Once I picked up Richard Powers' new novel, Bewilderment, it kept me reading compulsively at the expense of other things I ought to have been doing. Throughout, I was aware that Powers was building and interweaving scientific, philosophical, and literary patterns; but until I had finished it, I couldn't see just how strong the cumulative effect would be. Then this morning, I read the last ten pages.
Picturing a World
Website alert: Having borrowed Mrs. Hurst Dancing from the library, I was poking around the web for JPEGs of my favorite images and landed on Costumes in Emma. It will give you an explanation of the red cloaks, photographs of accurate period costumes, and insights into costumes for movies. And, oh, yes—the book is sheer delight.
Look! the Holy Austin Rock Houses that may well have inspired the invention of hobbit holes. It would have been more delicious to stumble across them unexpectedly on a walking tour of England, but I'll settle for glimpses on the web. You can find out more here. And visit what looks like a nearby troll hole here. As for today, Happy Bilbo and Frodo Bagginses' Birthday!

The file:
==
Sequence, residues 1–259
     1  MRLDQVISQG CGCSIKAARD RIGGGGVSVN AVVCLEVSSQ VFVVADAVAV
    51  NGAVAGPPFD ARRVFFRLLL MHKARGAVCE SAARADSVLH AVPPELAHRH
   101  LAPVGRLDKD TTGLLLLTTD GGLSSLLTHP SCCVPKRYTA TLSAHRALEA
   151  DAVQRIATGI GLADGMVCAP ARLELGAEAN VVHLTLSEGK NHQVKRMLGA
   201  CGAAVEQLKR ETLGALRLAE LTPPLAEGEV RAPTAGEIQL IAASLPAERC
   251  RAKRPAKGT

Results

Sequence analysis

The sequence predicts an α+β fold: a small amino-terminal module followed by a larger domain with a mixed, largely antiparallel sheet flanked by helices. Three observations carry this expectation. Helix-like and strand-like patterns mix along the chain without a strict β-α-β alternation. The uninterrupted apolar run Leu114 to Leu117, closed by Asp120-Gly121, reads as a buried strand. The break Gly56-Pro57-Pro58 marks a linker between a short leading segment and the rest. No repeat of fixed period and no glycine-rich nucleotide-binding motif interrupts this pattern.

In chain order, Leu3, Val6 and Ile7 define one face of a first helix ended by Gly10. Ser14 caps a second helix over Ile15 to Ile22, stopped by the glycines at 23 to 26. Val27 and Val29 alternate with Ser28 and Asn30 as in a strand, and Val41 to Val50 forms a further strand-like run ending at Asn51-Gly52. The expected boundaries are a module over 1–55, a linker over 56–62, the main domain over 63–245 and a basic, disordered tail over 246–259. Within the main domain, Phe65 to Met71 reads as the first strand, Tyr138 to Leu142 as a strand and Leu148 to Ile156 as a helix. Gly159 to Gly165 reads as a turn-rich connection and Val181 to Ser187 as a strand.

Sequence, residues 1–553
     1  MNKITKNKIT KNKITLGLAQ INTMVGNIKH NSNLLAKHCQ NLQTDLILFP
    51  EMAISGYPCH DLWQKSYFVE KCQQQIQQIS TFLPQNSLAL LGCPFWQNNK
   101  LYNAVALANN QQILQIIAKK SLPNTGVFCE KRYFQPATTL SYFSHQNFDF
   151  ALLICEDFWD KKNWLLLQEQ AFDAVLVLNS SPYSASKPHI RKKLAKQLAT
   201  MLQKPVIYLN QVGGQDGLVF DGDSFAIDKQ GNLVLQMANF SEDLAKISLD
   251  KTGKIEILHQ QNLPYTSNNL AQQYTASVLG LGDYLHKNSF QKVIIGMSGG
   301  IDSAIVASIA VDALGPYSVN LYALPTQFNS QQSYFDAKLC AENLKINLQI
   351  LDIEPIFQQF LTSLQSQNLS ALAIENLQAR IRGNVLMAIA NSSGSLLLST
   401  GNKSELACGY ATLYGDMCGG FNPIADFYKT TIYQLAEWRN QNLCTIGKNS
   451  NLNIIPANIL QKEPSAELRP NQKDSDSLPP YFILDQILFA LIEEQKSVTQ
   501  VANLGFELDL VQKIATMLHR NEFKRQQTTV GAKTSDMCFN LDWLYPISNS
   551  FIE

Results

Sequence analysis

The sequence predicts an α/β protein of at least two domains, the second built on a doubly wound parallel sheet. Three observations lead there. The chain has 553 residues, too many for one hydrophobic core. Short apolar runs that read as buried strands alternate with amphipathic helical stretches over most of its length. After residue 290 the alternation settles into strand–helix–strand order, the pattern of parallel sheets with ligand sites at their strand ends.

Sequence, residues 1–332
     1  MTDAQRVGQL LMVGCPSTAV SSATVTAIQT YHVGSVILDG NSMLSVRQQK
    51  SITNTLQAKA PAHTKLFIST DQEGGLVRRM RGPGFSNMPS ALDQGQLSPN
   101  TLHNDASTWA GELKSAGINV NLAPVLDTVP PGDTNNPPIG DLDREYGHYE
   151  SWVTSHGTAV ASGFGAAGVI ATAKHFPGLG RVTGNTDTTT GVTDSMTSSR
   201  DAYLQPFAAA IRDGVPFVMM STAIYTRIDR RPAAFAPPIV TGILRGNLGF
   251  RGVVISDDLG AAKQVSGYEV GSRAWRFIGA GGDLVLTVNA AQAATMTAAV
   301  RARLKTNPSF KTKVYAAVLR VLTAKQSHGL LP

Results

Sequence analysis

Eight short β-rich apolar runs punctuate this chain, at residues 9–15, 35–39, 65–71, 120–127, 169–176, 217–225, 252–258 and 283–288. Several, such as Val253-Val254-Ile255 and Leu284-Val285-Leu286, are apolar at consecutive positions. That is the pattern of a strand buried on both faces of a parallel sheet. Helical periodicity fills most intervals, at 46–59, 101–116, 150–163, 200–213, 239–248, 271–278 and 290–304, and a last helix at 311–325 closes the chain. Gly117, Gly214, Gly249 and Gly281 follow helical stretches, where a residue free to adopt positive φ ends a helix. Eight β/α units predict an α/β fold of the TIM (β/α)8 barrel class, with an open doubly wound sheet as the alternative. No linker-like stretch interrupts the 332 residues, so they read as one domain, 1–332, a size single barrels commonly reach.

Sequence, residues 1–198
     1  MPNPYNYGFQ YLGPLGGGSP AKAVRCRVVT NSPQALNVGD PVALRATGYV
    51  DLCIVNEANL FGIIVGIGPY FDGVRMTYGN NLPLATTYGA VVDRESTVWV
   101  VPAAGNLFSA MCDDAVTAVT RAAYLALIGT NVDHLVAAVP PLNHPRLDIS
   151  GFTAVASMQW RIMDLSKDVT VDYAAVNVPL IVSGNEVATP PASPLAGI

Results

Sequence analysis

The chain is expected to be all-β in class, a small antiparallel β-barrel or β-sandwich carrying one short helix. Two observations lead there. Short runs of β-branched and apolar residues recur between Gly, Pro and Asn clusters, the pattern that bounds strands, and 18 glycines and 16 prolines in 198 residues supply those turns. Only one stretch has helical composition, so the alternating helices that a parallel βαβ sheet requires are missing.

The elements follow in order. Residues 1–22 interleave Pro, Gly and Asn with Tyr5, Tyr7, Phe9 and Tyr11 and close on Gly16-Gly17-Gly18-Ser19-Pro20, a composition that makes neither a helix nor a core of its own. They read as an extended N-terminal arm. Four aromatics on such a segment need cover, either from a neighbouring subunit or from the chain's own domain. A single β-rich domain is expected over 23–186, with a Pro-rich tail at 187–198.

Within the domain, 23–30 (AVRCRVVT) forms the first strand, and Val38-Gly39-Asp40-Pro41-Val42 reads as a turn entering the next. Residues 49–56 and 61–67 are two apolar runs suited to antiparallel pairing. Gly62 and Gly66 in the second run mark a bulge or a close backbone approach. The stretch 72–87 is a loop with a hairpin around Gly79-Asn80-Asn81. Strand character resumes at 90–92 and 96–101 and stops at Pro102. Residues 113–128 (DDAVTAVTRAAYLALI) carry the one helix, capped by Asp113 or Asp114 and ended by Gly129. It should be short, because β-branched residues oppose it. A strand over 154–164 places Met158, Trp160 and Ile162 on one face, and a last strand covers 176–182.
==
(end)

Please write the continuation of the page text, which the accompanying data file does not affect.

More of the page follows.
Website alert: This morning, my husband sent me a link to Old Book Illustrations, searchable by subject, artist, or book title. He has a special interest in William Morris and the Pre-Raphaelites. I have a special interest in female illustrators. Put them together in a quick search and voilà: One of Florence Harrison's illustrations for Early Poems of William Morris. Have fun!
I had labeled this image, saved from a medieval moraized Ovid, as "Teeth in open mouth" because depictions of teeth are rare. What interests me now, however, is the expressions on the faces. At first glance, the wings seem to say "angels." But the lady is clearly up to no good, and the young man seems uneasy despite his crown.
As a follow-up to our writer in the library, Mrs. Sperling at her. needlework is another glimpse of Regency life. It prompts fewer ideas for stories, but isn't it cheerful? I love the way you look through the open French doors into trees, for instance. And it leads to Mrs. Hurst Dancing & Other Scenes from Regency Life, 1812–1823, with with all the freshness of amateur-artist Diana Sperling's authentic delight in the life around her.
Oddly enough, I remembered this watercolor as "Lady Pole in Her Library." Nope, the artist was Thomas Pole, an American transplant to Bristol, England, a doctor and Quaker preacher—no titled lady involved. Still, you know me: it's all about using images to prompt story ideas. And quiet as it is, In the Library has some suggestive clues.
Man, had I forgotten this one! But I see why I saved it. A 19th C artist, his studio, a lay figure, mirror images, picture frames—so much to linger over. An art-appreciation teacher might point to the way verticals and diagonals direct the eye, or the way the lighting picks out the gilding and that impressive mechanical figure. But what attracts a writer? What stories does His Favorite Model suggest?